If you ask me Paul Smith's furniture shop in Albemarle Street is potentially the most dangerous shop in London. Especially after lunch. And especially after two glasses of wine. Or, on that very rare occasion, usually sometime during August, possibly three.
Now, normally, I am forbidden to buy furniture, primarily because my wife says I always buy the wrong thing, and, although I'm loathe to admit it, she's sort of right. I once bought a Polynesian fish trap (sober) from the Conran Shop, just because it was big. And relatively cheap. And my Matthew Hilton glass coffee table, complete with steel shark fins as legs, has been propped up in a wardrobe for years. I'm allowed to buy art, but even my wife is better at this than I am – when she rang me from a dealer's a few years ago to ask if I wanted a Banksy for Christmas, I said I'd rather have a case of wine. For years my favourite painting was Tretchikoff's Green Lady, although whenever I ask my wife where she's hidden it, she pretends not to remember.
But occasionally I have an attack of good taste, and when I do it's usually as I'm walking back from Le Caprice after a decent lunch, and then deciding to go and buy something in Paul Smith's shop. And before you raise your eyebrows and start whispering sweet malevolent nothings under your breath, this isn't one of those typical designer "home" shops, where you'll usually find a sea of sofas, cushions, "difficult" chairs and unbelievably expensive throws covered in a signature (ie outdated) print.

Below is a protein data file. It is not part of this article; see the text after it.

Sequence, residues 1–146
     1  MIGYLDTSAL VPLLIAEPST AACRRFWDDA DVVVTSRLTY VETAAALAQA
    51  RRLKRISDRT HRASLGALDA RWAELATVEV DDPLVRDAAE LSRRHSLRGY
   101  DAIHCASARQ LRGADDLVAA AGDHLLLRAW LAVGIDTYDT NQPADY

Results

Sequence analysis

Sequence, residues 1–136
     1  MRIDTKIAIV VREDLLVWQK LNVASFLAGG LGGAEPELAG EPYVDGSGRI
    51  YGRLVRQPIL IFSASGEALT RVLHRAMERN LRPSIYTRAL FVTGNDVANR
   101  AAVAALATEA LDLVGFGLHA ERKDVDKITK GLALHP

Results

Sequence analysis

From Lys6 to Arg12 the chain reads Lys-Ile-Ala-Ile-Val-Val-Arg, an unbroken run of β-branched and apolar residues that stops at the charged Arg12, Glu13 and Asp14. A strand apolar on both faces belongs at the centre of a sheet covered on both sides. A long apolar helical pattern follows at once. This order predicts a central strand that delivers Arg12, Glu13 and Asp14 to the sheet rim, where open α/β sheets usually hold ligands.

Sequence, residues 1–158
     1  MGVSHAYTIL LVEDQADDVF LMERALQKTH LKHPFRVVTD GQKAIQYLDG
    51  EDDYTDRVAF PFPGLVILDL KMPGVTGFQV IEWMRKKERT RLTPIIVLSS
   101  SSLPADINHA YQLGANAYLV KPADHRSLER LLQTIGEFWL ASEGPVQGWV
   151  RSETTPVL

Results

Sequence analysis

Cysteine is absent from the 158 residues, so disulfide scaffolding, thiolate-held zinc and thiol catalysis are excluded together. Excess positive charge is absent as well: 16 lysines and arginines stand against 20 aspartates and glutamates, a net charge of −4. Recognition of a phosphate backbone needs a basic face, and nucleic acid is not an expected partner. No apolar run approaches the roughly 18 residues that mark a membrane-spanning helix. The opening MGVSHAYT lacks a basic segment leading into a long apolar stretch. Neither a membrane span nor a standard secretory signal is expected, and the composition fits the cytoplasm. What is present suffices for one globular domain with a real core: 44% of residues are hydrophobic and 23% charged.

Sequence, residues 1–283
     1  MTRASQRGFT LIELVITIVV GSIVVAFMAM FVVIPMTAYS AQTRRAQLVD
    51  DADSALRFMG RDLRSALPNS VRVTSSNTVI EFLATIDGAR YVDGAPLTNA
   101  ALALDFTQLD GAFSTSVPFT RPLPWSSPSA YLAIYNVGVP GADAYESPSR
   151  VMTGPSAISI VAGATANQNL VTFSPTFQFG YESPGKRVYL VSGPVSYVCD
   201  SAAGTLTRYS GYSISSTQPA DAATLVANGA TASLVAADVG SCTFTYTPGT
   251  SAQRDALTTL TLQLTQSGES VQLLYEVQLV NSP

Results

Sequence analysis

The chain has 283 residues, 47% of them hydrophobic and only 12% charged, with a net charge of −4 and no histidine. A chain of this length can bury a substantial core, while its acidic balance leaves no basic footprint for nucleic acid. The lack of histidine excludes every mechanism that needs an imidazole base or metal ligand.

No, Smithy's shop is an Aladdin's Cave of wonderfulness. "Never assume anything" is his company motto, and – like his book of a few years ago, You Can Find Inspiration in Everything* (*and if you can't, look again) – this shop exemplifies that, being more of a post-modern Victorian emporium of the eccentric, the chic and the bizarre. Just last month I found a poster of a Man Ray exhibition at the Los Angeles County Museum of Art from 1966. And guess what? My wife even likes it.
Here in deepest, darkest Mayfair you'll find art, antiques, jewellery and curiosities sourced from round the world – many of which tell you why, for the past 55 years, Paul Smith has been a fully paid-up member of the Dennis the Menace fan club.
Dylan Jones is the editor of 'GQ'Reuse content